And despite Phoenix’s promising shifting demographics, Rounds still believes that the city’s real estate market is unnaturally overvalued, emphasizing that it takes about a decade for housing prices to organically increase from an economic development surge.
“Every time you create a high-wage job, you create two low-wage jobs. When you average those out, it’s a medium-wage job. You have to do this at massive, massive numbers before you start to see an impact,” he said. “We’re only starting to make a dent in our economic development growth. That’s less of a factor than interest rates and the Fed’s policy.” Eventually, Rounds forecasts a price correction of at least 25% for the Phoenix housing market.
The bull case: Phoenix’s housing market is built on solid fundamentals
While the top line may tell an insular tale of rising rental rates in Phoenix, Toll believes that solely focusing on the average rent may be misleading. That’s because this statistic skews more towards the growing number of luxury Class A apartments coming onto the market, without accounting as much for existing Class B, C, and D properties, he said.
Additionally, Toll also believes that Phoenix’s current economy caters to significantly different sectors than it did in 2007, which would also help the city mitigate a potential crash. His sentiment was echoed by real estate advisor Steve Betts, who also serves as the managing director of development at Holualoa Companies.
“Our economy was really primarily based on our growth industries — developers, homebuilders, construction industry — and a lot of service providers to the growth industry, which caused us to be much more influenced by recessionary periods,” Betts told Insider. “Our economy is now much more based on technology, advanced industrial manufacturing, medicine, and transportation services. The base industry is now really growing the economy, and the development industry is more a service provider to that.”
“We’re building homes, offices, and industrial spaces as a provider to the base industry, as opposed to it being the base industry itself, which I believe makes us much more resilient in an economic downturn, which it appears that we’re headed into,” he continued.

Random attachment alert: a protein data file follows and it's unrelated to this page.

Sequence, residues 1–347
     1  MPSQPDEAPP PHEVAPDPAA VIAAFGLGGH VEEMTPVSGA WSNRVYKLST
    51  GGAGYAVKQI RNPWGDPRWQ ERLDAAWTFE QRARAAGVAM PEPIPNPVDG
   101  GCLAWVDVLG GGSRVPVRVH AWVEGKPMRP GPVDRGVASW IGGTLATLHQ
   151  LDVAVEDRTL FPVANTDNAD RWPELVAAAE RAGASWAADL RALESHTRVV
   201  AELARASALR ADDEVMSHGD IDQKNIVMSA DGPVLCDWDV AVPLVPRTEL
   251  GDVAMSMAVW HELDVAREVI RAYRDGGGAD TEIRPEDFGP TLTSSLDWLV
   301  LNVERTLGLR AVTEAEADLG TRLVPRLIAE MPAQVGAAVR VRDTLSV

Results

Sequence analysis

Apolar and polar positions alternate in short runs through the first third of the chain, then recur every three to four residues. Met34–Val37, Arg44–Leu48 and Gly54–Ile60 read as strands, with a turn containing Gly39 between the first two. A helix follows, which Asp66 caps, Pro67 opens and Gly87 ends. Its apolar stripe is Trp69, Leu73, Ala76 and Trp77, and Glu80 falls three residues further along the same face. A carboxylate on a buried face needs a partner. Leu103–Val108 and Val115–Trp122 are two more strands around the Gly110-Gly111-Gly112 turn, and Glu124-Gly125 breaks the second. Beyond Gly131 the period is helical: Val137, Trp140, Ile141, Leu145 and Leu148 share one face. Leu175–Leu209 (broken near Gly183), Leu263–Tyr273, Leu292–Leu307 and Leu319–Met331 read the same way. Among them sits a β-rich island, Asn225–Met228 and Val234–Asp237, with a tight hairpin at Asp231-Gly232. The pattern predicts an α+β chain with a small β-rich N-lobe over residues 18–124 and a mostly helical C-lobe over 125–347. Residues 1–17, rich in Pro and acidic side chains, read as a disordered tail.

According to Betts, the same principle also applies towards Phoenix’s residential and commercial development strategies. Rather than increasing the number of single-family homes on Phoenix’s outskirts, he said the city has been much more focused on growing its more affordable multi-family and attached product developments inward. Betts estimated that the ratio of single-family homes versus multi-family developments being constructed has shifted from a 90%/10% ratio to a 65%/35% ratio.
“We literally have a tidal wave of employers and new jobs coming to the Valley. With that pipeline of employees coming to the valley, we really have a backlog need for multi-family housing that will take us years to fulfill,” he explained.
But with this crushing demand to meet, Betts doesn’t foresee prices dropping off, but predicts price growth may slow to a more normal pace. In fact, despite Phoenix’s recent price surge, Betts doesn’t believe housing prices are particularly overvalued because they started from an already low base.
“I believe that they are starting to level off at a reasonable price level compared to a lot of our peer cities in the Sunbelt region that we compete against,” he said. However, while government subsidies and focused efforts on new affordable developments can help lower-income workers find affordable housing, Betts expressed concern that the middle-class professionals in the $80,000 to $120,000 area median income range may have been priced out by the recently migrated high earners pushing up Phoenix’s rental rates.
Another positive long-term catalyst for Phoenix is the city’s aging population, said Robby Tandjung, an executive vice president at Altus Group. The city looks particularly attractive to senior citizens due to its relative affordability, lower taxes compared to neighboring California, and its excellent medical services industry, he explained to Insider.
Additionally, if certain industries begin requiring workers to return to the office, Phoenix’s employment diversity might protect its demographics because remote workers won’t be forced to move, said Tandjung. And according to Phil Tily, Altus Group’s head of performance analytics, there’s also one key difference between Phoenix’s housing market today and the one during the great housing crash — currently, demand still runs rampant.
“It doesn’t look as if Phoenix is in a precarious position when it comes to kind of oversupply at this stage,” Tily told Insider.